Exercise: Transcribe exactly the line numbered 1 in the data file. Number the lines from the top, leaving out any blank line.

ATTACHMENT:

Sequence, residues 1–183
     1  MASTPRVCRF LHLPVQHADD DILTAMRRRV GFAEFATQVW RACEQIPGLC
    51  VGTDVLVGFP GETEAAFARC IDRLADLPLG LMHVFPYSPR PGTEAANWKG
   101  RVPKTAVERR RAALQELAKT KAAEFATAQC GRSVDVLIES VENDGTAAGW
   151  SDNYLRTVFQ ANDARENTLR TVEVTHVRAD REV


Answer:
Sequence, residues 1–183